Note: If you don’t see the apps at 10 cents on your phone, try going to the Android Market from your PC, instead. I had the same issue, where the app was listed at $4.99 on my phone and at 10 cents on the web. If you have a Google account linked to your phone, then you can just purchase from the web and Google will automatically send the app to your phone.

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Android Lesson Five: An Introduction to Blending

Basic blending (additive blending of RGB cubes).
Basic blending.

In this lesson we’ll take a look at the basics of blending in OpenGL. We’ll look at how to turn blending on and off, how to set different blending modes, and how different blending modes mimic real-life effects. In a later lesson, we’ll also look at how to use the alpha channel, how to use the depth buffer to render both translucent and opaque objects in the same scene, as well as when we need to sort objects by depth, and why.

We’ll also look at how to listen to touch events, and then change our rendering state based on that.

Assumptions and prerequisites

Each lesson in this series builds on the one before it. However, for this lesson it will be enough if you understand Android Lesson One: Getting Started. Although the code is based on the preceding lesson, the lighting and texturing portion has been removed for this lesson so we can focus on the blending.

Blending

Blending is the act of combining one color with a second in order to get a third color. We see blending all of the time in the real world: when light passes through glass, when it bounces off of a surface, and when a light source itself is superimposed on the background, such as the flare we see around a lit streetlight at night.

OpenGL has different blending modes we can use to reproduce this effect. In OpenGL, blending occurs in a late stage of the rendering process: it happens once the fragment shader has calculated the final output color of a fragment and it’s about to be written to the frame buffer. Normally that fragment just overwrites whatever was there before, but if blending is turned on, then that fragment is blended with what was there before.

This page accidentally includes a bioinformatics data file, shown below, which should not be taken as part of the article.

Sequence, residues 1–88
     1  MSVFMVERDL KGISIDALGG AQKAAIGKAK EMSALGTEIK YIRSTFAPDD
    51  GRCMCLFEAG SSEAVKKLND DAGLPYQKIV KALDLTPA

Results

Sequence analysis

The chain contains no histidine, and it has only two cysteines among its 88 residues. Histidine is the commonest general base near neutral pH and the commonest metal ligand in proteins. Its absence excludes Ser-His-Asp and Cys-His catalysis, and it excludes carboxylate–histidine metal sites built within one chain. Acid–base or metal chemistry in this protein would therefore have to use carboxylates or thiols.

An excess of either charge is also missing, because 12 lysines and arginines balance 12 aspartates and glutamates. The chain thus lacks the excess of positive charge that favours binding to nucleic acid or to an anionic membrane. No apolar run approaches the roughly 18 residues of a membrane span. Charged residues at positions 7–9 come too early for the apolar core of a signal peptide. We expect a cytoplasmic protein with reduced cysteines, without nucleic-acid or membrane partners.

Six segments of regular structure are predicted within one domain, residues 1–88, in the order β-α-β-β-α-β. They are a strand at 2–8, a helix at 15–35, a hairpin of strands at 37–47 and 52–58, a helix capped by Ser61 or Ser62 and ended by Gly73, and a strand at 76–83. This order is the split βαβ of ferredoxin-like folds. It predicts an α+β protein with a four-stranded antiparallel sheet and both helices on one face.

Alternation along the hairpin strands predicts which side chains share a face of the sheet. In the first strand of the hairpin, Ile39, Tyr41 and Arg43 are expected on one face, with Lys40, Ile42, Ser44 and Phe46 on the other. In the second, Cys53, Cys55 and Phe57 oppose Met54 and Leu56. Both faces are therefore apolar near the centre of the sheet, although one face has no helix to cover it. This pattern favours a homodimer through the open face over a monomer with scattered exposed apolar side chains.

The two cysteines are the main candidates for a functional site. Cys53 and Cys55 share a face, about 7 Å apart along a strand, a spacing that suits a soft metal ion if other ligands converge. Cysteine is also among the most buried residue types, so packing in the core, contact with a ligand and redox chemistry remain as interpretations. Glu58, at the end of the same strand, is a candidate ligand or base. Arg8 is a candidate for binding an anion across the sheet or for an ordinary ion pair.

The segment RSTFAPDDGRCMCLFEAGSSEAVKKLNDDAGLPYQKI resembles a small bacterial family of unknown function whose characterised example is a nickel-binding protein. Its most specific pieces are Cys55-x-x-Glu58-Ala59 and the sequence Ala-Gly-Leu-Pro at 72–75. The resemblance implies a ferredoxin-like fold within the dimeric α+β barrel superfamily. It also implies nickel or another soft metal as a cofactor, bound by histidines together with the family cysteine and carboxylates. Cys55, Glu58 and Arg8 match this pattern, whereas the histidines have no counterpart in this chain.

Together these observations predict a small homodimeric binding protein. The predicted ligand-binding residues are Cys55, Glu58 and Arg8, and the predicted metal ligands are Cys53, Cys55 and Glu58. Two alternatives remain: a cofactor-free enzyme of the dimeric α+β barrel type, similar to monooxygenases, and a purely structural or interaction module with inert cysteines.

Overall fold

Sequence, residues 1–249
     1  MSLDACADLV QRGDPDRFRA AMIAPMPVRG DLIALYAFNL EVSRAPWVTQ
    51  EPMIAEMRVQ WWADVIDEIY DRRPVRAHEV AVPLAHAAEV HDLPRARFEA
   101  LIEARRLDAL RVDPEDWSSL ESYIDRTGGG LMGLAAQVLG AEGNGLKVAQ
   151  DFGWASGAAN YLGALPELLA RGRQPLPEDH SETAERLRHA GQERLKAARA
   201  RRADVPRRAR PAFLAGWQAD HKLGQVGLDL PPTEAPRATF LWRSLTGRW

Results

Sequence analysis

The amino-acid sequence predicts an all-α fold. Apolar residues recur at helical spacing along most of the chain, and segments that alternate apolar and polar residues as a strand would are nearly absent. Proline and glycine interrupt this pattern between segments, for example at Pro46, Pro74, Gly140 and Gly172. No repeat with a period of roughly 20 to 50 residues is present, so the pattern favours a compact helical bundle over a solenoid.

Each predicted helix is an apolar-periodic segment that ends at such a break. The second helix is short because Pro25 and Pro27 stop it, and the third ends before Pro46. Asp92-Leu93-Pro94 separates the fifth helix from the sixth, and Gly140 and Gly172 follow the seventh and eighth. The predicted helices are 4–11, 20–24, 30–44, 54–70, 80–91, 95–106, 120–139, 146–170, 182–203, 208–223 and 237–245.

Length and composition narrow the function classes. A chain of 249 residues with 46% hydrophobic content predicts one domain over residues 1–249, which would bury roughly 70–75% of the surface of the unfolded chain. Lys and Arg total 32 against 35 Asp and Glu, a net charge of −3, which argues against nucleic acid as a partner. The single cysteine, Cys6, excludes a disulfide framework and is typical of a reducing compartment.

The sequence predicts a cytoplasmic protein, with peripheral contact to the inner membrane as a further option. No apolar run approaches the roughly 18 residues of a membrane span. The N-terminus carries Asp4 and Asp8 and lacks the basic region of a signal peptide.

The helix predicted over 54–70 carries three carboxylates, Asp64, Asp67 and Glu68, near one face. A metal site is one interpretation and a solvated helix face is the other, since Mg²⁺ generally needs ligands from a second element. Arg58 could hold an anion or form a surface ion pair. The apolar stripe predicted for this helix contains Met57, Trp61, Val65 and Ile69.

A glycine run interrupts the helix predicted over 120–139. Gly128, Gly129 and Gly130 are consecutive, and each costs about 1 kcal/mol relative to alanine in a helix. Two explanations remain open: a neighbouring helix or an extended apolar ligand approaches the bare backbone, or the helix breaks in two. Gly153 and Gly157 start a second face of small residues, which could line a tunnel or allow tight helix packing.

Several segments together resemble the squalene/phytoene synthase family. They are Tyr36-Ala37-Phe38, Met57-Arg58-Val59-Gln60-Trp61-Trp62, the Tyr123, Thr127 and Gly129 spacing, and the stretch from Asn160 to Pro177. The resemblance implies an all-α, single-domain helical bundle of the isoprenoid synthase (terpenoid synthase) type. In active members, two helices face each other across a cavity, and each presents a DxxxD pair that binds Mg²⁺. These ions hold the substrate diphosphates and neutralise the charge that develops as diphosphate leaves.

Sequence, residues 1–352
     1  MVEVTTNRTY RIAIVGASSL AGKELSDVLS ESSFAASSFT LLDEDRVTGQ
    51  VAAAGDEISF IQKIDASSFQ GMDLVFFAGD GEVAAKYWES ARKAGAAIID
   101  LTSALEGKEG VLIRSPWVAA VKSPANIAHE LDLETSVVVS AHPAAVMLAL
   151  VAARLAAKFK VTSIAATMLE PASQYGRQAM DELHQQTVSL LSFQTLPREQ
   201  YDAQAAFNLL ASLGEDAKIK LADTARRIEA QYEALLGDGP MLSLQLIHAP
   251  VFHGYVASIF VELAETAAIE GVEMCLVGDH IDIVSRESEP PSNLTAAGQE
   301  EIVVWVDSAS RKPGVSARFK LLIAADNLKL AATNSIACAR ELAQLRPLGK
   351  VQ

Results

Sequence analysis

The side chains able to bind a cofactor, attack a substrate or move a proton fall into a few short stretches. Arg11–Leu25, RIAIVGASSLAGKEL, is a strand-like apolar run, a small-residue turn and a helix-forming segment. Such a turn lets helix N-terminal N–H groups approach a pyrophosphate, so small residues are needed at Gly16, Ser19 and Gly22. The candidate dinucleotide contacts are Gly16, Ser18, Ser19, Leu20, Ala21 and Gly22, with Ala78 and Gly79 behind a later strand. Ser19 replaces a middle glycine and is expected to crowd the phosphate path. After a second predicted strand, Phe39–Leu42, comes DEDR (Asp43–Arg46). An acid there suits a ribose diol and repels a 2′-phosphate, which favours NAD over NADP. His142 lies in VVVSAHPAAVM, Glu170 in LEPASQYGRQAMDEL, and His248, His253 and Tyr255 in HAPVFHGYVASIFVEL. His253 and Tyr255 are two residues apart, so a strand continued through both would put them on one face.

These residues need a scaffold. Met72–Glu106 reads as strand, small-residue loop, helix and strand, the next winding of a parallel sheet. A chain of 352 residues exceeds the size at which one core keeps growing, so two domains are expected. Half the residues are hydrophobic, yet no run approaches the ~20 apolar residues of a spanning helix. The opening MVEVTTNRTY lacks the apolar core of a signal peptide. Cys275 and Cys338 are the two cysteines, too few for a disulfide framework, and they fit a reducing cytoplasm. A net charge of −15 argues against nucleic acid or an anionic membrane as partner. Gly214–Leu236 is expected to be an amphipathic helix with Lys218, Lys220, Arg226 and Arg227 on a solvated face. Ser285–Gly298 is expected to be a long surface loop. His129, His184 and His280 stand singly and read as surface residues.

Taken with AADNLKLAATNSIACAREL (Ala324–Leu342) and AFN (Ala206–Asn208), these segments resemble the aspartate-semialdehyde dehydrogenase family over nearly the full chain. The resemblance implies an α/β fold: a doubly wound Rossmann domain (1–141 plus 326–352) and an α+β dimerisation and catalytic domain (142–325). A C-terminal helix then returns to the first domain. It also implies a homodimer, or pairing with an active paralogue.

By default, here’s what the OpenGL blending equation looks like when glBlendEquation() is set to the default, GL_FUNC_ADD:

output = (source factor * source fragment) + (destination factor * destination fragment)

There are also two other modes available in OpenGL ES 2, GL_FUNC_SUBTRACT and GL_FUNC_REVERSE_SUBTRACT. These may be covered in a future tutorial, however, I get an UnsupportedOperationException on the Nexus S when I try to call this function so it’s possible that this is not actually supported on the Android implementation. This isn’t the end of the world since there is plenty you can do already with GL_FUNC_ADD.

The source factor and destination factor are set using the function glBlendFunc(). An overview of a few common blend factors will be given below; more information  as well as an enumeration of the different possible factors is available at the Khronos online manual:

The documentation appears better in Firefox or if you have a MathML extension installed.

Clamping

OpenGL expects the input to be clamped in the range [0, 1] , and the output will also be clamped to the range [0, 1]. What this means in practice is that colors can shift in hue when you are doing blending. If you keep adding red (RGB = 1, 0, 0) to the frame buffer, the final color will stay red. However, if you add in just a little bit of green so that you are adding (RGB = 1, 0.1, 0) to the frame buffer, you will end up with yellow even though you started with a reddish hue! You can see this effect in the demo for this lesson when blending is turned on: the colors become oversaturated where different colors overlap.

Different types of blending and how they relate to different effects

Additive Color. Source: http://commons.wikimedia.org/wiki/File:AdditiveColor.svg
The RGB additive color model. Source: Wikipedia
Additive blending

Additive blending is the type of blending we do when we add different colors together and add the result. This is the way that our vision works together with light and this is how we can perceive millions of different colors on our monitors — they are really just blending three different primary colors together.

This type of blending has many uses in 3D rendering, such as in particle effects which appear to give off light or overlays such as the corona around a light, or a glow effect around a light saber.

Additive blending can be specified by calling glBlendFunc(GL_ONE, GL_ONE). This results in the blending equation output = (1 * source fragment) + (1 * destination fragment), which collapses into output = source fragment + destination fragment.

A lightmap applied to the first texture from http://pdtextures.blogspot.com/2008/03/first-set.html
An example of lightmapping.
Multiplicative blending